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St. Bernard Corgi Mixed Dog Breed: Care, Pictures, Info & More

Written by: Nicole Cosgrove

Last Updated on May 29, 2024 by Dogster Team

Parent Breeds of St Bernard Corgi Mix

St. Bernard Corgi Mixed Dog Breed: Care, Pictures, Info & More

Are you looking for the perfect blend of adorable and adventurous in a furry companion? Well, this may be the dog breed for you. This unique hybrid breed combines the lovable traits of the St. Bernard and the playful personality of the Corgi, resulting in a dog that is both charming and full of life. So, if you’re considering adding a St. Bernard Corgi mix to your family or you’re simply curious about this delightful crossbreed, we’ll give you everything you need to know about caring for a St. Bernard Corgi mix.

Breed Overview


12–15 inches


28–41 pounds


9–13 years


Sable and white, black, brown and white, rust and white, black and white

Suitable for:

Active families looking for active dogs that are good with children


Affectionate, loyal, and friendly dogs that love pleasing their owners

One of the most interesting things about this mix is its appearance. The St. Bernard Corgi Mix has a long, sturdy body and short legs, with a head that is often more reminiscent of the St. Bernard than the Corgi.

Beyond its appearance, the St. Bernard Corgi Mix also has a friendly personality and a loyal nature. These dogs are known for their intelligence and their ability to learn new skills quickly, making them great companions for families or individuals looking for a trainable pet.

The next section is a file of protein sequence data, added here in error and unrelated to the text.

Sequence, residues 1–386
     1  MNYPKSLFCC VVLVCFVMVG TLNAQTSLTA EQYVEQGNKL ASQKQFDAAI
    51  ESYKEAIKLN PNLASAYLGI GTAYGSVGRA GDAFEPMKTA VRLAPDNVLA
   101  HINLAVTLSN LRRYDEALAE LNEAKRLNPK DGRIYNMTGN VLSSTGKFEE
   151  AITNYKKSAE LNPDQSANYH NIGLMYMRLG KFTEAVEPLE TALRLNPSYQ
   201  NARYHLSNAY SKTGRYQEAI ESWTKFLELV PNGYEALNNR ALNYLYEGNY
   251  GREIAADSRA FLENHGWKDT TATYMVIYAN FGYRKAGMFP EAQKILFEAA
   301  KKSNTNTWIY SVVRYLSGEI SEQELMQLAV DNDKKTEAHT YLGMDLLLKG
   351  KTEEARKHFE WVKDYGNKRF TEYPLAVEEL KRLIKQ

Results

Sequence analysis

St. Bernard Corgi Mix Characteristics

High-energy dogs will need a lot of mental and physical stimulation to stay happy and healthy, while low-energy dogs require minimal physical activity. It’s important when choosing a dog to make sure their energy levels match your lifestyle or vice versa.
Easy-to-train dogs are more skilled at learning prompts and actions quickly with minimal training. Dogs that are harder to train will require a bit more patience and practice.
Some breeds, due to their size or their breeds potential genetic health issues, have shorter lifespans than others. Proper exercise, nutrition, and hygiene also play an important role in the lifespan of your pet.
Some dog breeds are prone to certain genetic health problems, and some more than others. This doesn’t mean that every dog will have these issues, but they have an increased risk, so it’s important to understand and prepare for any additional needs they may require.